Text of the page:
Either way, it’s a challenge.
Some folks seem to lose the “filter” that guides socially acceptable practices. Other folks seem to morph into someone completely unfamiliar. Personality changes are very common in early stage dementia, and are usually caused by a combination of factors including the disease process, pre-existing personality traits, anxiety/fear/anger, and stress. Knowing the triggers, avoiding the confrontation, and reminding the person of socially acceptable standards are your best defenses.
Aunt Betty has always been a warm hearted person. She tended to be a bit of an eye-roller, but usually in a silly, dramatic fashion that was completely void of malice. She had a tendency to be a little sarcastic and witty, but never mean. As Aunt Betty aged, however, her zingers had more sting. She stopped trying to be funny, and responded to nearly every question with an exasperated “that’s the stupidest question I’ve ever heard.” She alienated her friends and family. She felt more alone and isolated, which made her even less approachable. Although diagnosed with Alzheimer’s disease, Aunt Betty’s family felt that her behavior was a conscious choice. She had just always been that way.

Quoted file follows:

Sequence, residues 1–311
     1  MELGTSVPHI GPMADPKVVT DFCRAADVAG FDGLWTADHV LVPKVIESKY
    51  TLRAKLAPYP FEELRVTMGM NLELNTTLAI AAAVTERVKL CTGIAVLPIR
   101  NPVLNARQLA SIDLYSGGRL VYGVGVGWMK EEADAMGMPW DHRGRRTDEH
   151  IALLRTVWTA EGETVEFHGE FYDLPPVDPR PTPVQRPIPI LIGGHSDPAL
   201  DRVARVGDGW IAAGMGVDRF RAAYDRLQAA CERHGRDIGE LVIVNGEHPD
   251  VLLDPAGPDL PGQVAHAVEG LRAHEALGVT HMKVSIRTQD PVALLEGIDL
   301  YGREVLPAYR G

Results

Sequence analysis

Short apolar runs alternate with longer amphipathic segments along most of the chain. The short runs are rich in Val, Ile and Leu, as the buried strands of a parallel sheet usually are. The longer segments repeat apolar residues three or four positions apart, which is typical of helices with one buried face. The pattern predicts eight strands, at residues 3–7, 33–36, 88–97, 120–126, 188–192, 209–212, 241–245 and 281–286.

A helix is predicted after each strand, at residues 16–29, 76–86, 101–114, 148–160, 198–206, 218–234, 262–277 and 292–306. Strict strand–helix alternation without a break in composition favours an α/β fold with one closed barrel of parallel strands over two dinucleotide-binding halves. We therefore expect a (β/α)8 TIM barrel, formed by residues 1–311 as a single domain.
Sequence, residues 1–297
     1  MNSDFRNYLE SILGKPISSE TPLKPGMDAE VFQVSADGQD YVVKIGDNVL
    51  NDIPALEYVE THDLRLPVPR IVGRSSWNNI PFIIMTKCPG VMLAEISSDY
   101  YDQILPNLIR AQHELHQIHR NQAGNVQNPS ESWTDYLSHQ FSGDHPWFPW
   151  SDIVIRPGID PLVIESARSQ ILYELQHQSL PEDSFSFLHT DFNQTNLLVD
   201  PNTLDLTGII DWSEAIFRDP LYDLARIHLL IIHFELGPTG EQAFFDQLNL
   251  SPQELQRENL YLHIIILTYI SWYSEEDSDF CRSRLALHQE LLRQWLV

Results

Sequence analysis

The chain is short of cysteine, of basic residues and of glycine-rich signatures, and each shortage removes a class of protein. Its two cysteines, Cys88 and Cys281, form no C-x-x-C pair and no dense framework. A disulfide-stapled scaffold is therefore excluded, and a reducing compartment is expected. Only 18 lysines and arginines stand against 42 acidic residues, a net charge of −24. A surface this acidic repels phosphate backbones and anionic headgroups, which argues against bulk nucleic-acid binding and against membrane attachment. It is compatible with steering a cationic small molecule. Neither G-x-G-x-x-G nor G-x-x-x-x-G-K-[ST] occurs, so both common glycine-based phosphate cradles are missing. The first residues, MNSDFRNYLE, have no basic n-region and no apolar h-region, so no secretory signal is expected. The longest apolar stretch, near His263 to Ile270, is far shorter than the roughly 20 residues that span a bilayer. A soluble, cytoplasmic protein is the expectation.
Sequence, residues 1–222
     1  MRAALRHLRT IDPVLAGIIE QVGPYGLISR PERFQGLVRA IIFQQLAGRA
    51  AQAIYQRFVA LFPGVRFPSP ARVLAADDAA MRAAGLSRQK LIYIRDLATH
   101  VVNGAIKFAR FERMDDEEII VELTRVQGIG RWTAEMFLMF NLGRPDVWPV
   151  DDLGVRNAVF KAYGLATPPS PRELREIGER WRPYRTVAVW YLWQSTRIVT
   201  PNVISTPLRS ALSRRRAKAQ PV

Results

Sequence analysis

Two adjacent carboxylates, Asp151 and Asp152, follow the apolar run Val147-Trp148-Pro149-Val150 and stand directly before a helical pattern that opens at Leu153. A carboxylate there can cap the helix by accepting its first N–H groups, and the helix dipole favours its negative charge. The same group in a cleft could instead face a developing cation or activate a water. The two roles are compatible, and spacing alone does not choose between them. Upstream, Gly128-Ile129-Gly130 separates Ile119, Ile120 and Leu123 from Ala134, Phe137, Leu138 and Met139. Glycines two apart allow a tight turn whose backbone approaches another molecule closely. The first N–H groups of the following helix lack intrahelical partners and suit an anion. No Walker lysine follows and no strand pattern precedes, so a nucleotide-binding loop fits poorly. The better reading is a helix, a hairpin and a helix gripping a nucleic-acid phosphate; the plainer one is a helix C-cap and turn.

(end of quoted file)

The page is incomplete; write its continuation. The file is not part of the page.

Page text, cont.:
Aunt Doris was a different story. Aunt Doris was the sweetest, kindest woman you could ever meet. She was friendly and sincere to anyone and everyone. She remembered birthdays and anniversaries. She loved her church and was always helping her neighbors. Aunt Doris developed Alzheimer’s disease. Conversations with her would start out pleasantly, but could suddenly turn nasty and hateful. Aunt Doris could smile sweetly at you while swearing at you under her breath. She became paranoid and confrontational. Alzheimer’s disease was clearly to blame- she had never been this way.
One of the most painful aspects of Alzheimer’s disease is watching a loved one change. A person you have known for many, many years slowly disappears, and the person who remains is a stranger at times. It is important to remember that whatever changes impact the person you knew, the disease is to blame. It manifests itself differently in everyone. Here are some tips:
1. Remind the person of socially acceptable behaviors in an objective voice. Connecting your hurt feelings to an event may lead to further conflict- and there is little chance that you will feel the validation you’re seeking.
2. Redirect, redirect, redirect- don’t have those “trigger” conversations. Avoid confrontation.
3. Don’t try to convince the person he/she is wrong. Early Alzheimer’s decreases the ability to be insightful and introspective. Your point will fall flat. You can be right, or you can be happy (thanks Dr. Phil).